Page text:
Let's Tell a Love Story

These beautiful coins are known as Love Tokens, which were wildly popular in the Victorian Era.  The exact origin of this practice is up for debate: some numismatists trace the history back to 13th century England and the practice of bending coins.  When asking a favorite saint for a favor, coins were bent and pledges were made as a physical token of the pledge made.  The practice of engraving coins took off during the late 1600’s through the 1800’s, when coins were engraved with everything from primitive to highly skilled techniques in equal measure.

Typically, the minted words and images were removed from the obverse side of the coin - the front of the coin, or what we call heads when we flip a coin as they are commonly decorated with the bust of a prominent person.  In some cases the reverse of the coin was used as the blank canvas for the embellishment, which is why you may see a love token of the same year with a different backside. While both sides of the coin are interesting, using the reverse side makes it difficult to determine the year in which the coins were minted.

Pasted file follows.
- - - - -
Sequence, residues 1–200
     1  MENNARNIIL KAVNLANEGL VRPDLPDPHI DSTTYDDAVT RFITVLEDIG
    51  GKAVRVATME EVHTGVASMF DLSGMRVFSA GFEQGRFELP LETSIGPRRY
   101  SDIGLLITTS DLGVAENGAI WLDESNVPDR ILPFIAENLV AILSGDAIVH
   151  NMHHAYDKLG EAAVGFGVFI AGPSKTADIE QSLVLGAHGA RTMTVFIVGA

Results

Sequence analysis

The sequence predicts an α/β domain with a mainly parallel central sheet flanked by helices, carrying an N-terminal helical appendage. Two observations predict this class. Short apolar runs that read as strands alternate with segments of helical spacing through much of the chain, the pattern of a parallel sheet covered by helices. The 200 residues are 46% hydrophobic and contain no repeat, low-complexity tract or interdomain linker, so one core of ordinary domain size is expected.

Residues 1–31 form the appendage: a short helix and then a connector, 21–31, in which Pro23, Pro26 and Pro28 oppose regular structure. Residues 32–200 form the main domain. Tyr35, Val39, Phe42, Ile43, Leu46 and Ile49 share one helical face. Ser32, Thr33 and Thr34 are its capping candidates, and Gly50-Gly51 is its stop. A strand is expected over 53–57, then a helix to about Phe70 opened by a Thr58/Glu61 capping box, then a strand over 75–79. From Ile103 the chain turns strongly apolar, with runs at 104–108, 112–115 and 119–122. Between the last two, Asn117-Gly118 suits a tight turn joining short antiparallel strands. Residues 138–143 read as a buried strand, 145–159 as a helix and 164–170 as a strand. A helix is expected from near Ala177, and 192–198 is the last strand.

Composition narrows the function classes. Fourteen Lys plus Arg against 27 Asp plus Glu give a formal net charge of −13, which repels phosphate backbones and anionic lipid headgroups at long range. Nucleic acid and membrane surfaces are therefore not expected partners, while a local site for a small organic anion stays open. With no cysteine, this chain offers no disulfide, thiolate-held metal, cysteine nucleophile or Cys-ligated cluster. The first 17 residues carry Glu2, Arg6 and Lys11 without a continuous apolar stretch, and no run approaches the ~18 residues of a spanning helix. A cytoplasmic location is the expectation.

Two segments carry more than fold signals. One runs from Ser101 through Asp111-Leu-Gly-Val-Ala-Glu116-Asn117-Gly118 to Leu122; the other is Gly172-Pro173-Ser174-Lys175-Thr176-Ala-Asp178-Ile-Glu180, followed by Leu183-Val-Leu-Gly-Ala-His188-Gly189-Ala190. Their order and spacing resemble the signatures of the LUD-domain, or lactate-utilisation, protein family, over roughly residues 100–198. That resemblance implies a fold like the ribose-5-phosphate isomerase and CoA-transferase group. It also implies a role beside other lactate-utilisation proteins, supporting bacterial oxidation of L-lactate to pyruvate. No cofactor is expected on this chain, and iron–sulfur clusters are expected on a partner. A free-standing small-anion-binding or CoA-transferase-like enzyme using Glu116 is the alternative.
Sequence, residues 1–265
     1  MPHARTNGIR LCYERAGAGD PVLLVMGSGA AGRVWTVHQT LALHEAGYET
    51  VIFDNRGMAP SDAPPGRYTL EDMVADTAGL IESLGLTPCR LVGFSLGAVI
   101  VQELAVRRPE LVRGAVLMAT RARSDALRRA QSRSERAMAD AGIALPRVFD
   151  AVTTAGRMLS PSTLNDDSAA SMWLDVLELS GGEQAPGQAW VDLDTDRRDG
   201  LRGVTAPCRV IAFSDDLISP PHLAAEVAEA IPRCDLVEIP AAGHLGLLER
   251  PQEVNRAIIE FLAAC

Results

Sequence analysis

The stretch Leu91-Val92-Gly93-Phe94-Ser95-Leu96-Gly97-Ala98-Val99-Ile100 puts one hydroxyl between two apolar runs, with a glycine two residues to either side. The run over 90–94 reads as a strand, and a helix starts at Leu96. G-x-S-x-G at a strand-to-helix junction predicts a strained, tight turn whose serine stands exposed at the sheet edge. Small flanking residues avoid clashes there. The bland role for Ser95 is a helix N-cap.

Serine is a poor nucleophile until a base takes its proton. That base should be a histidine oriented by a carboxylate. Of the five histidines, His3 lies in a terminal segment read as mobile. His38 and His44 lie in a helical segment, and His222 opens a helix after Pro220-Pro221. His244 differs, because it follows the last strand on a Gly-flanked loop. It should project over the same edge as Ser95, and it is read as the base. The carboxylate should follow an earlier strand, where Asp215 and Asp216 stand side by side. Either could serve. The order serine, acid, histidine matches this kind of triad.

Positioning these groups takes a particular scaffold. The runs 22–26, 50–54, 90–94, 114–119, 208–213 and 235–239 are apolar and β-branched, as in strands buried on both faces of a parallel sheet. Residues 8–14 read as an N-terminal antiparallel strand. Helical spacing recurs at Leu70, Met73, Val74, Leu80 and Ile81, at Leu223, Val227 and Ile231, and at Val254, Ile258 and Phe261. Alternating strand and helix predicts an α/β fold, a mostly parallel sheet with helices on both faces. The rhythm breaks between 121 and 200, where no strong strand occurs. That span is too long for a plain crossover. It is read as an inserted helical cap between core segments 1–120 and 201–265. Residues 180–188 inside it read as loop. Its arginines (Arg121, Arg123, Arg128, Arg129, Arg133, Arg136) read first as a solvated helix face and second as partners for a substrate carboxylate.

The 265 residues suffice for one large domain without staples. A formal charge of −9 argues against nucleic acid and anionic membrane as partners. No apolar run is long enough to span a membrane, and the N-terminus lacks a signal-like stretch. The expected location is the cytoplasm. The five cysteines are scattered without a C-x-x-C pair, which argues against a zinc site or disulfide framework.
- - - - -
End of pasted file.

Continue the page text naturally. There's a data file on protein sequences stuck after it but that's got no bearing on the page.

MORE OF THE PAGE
While love tokens started off as gifts from a beau to his belle, their popularity extended far beyond these traditional boundaries to commemorate more than just romantic love. I have numerous love tokens in my collection that say Mama, and also Papa, Father, Brother, Uncle and Auntie.

Love tokens were executed on practically all denominations of coins in many countries.  According to the US Mint, the love token phenomenon caused a shortage of dimes during the peak of the craze.  Dimes were not a huge amount of money to throw away, thus their popularity. When other coins were used, the choice of coin communicated social and economic status:  gold coins and larger denominations of silver coins were a sign of the giver’s wealth, whereas nickels and pennies were seldom used as they were considered common due to their composition – nickel and copper versus silver or gold.

What I love most about these coins is the history behind them, even if I will never know what it is, I can use my imagination. The most mysterious coins are not the ones with names, but the ones with words or phrases.  Some of the best ones I have come across in my years of collecting include Excuse Me, Flirt, Pickles, Stories and Wild.

If these coins could talk… what stories they would tell!

xoxo, Samantha­